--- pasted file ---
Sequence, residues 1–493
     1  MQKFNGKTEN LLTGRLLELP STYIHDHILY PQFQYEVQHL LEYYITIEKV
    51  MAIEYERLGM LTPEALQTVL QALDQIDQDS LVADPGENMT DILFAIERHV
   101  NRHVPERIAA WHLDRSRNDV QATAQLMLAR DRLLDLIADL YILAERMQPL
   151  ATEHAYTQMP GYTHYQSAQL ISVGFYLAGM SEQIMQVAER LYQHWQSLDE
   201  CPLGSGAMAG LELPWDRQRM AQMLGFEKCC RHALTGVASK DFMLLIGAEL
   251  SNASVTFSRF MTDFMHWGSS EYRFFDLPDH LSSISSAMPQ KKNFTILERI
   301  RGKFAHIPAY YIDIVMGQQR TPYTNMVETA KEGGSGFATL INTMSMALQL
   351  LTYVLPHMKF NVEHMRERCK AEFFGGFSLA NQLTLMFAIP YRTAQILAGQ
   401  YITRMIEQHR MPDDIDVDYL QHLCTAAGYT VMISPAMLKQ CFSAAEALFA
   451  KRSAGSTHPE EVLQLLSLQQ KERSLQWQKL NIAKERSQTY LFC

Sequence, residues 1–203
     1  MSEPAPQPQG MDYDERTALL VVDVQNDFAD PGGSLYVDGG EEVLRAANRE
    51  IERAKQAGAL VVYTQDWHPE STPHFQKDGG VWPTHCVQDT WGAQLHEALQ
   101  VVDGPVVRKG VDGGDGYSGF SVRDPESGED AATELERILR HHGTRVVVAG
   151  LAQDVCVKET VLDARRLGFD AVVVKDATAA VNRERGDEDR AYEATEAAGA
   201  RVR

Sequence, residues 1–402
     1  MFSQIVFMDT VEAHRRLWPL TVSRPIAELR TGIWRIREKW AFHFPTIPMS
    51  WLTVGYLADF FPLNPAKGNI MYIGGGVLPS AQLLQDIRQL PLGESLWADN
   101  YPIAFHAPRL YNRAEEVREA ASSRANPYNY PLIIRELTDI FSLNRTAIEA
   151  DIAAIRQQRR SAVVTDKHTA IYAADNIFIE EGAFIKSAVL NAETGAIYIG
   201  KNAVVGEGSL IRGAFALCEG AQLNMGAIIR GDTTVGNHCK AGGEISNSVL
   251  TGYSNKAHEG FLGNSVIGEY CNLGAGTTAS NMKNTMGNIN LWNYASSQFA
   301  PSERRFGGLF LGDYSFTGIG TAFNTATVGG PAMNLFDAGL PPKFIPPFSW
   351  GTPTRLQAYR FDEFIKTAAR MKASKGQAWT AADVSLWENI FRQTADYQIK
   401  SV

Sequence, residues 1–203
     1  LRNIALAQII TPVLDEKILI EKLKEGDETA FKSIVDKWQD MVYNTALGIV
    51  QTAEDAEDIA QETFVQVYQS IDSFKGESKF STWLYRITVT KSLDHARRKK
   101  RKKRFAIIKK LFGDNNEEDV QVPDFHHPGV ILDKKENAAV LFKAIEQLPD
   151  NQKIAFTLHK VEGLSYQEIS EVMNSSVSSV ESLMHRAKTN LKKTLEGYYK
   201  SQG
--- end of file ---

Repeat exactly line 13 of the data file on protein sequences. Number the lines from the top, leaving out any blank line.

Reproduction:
     1  MSEPAPQPQG MDYDERTALL VVDVQNDFAD PGGSLYVDGG EEVLRAANRE